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Over the next decades, green infrastructure initiatives such as tree planting campaigns, and ecological restoration will dramatically change the species composition, species distribution and structure of urban forests across the United States. These impending changes are accompanied by a demand for urban public spaces where people can engage in practices such as gleaning, gardening, and livestock production. This article analyzes the institutional framework that undergirds efforts in Seattle, Washington to normalize the production and use of edible landscapes. We focus attention on the role of grassroots fruit gleaning groups and highlight their bridging function between Seattle's agriculture and forestry policy arenas, creating an entry point for re-conceptualizing urban forests as sites of production. We conclude that a vision of urban forests as providers of goods as well as services may provide a more solid foundation for achieving urban sustainability than the current “hands off” approach to urban forest management. Gleaning and gathering in urban wild and cultivated landscapes provides opportunities for inhabitants to steward public natural resources and interact deeply with nature.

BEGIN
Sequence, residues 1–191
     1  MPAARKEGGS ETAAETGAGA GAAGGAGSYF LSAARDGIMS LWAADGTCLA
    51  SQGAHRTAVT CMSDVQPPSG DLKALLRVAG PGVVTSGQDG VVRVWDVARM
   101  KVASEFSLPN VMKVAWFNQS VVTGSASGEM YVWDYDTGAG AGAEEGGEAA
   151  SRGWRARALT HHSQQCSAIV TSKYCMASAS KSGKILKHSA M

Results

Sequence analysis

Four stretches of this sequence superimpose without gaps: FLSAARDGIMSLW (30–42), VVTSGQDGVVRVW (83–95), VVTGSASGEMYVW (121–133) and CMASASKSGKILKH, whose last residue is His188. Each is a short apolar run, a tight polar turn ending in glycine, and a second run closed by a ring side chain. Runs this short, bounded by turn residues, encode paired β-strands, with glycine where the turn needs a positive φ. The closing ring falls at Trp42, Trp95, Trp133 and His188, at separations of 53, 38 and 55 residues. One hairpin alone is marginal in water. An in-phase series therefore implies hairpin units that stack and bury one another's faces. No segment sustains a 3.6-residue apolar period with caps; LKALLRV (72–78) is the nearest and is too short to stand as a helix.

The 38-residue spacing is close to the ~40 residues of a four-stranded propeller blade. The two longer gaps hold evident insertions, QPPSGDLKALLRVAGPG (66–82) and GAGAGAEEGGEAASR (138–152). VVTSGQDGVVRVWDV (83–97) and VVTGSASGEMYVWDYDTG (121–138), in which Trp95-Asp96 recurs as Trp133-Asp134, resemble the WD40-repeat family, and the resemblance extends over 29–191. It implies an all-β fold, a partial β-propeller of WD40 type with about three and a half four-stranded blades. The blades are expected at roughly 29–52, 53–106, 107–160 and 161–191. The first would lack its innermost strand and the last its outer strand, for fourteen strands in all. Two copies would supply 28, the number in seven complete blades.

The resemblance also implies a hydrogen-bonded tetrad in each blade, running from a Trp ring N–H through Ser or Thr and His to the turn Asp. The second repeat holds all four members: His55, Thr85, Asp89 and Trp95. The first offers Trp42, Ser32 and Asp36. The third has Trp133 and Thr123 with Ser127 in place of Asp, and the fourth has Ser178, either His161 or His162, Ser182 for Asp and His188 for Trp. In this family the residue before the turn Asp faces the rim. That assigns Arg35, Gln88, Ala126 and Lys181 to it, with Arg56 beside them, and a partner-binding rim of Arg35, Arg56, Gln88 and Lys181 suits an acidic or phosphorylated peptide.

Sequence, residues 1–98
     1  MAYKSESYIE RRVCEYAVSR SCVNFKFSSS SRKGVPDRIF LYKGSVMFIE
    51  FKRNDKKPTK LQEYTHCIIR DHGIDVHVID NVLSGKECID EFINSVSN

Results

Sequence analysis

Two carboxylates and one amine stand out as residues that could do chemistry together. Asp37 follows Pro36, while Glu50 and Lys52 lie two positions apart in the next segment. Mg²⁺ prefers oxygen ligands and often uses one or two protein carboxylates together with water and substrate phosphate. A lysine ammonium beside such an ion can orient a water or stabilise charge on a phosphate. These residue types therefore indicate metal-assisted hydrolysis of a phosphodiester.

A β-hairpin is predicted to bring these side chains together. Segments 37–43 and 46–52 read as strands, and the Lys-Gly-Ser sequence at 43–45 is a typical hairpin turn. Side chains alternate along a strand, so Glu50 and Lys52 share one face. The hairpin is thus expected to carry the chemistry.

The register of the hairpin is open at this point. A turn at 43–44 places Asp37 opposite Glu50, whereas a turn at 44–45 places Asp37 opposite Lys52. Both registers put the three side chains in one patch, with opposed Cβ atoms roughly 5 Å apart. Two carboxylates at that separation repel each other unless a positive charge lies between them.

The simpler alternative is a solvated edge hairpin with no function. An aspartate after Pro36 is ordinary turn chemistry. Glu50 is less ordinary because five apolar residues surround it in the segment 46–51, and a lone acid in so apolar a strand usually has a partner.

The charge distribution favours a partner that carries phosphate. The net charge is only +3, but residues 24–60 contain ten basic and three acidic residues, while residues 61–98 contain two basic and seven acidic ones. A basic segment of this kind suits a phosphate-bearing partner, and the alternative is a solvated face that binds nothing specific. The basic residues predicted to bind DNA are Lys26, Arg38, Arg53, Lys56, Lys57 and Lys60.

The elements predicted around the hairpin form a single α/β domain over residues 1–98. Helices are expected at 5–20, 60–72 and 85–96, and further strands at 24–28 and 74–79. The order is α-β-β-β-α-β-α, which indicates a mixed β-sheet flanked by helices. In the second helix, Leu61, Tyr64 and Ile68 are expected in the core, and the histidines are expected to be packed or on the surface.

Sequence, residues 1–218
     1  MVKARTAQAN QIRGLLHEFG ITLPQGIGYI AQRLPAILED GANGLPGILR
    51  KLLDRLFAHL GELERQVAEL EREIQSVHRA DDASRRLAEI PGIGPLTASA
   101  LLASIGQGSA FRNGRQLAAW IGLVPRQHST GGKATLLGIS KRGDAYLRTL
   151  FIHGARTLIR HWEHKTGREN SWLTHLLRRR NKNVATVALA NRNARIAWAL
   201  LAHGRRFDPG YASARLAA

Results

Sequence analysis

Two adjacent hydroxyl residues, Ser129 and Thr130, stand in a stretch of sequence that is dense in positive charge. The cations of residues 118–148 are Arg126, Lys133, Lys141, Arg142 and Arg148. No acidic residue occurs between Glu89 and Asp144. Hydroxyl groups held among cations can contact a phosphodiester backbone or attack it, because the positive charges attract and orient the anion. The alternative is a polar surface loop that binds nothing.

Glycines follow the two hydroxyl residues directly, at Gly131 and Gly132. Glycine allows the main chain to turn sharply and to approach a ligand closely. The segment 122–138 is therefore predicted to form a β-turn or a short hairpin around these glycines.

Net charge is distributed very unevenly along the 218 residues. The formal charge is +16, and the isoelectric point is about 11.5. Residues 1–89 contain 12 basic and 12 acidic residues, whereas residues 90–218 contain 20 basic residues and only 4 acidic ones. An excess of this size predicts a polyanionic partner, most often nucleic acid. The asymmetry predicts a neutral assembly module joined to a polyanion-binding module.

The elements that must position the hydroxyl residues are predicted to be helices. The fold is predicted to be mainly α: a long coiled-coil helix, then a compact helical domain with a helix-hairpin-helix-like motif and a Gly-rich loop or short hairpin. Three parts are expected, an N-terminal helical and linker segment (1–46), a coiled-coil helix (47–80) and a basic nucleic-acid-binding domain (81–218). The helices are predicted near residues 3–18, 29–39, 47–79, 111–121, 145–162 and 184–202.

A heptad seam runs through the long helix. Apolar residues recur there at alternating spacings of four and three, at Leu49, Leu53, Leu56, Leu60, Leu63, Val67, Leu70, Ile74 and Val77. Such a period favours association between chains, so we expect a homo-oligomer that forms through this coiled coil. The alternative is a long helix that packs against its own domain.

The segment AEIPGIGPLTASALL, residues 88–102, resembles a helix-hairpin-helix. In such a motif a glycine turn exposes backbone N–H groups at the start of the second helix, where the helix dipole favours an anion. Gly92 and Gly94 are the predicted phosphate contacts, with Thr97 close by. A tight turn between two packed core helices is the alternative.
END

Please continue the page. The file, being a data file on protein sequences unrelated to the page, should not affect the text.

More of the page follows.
The item available for download here is the version of record originally published in Urban Forestry & Urban Greening, Volume 11, 2012, pp 187-194.

The final publication is also available at Elsevier via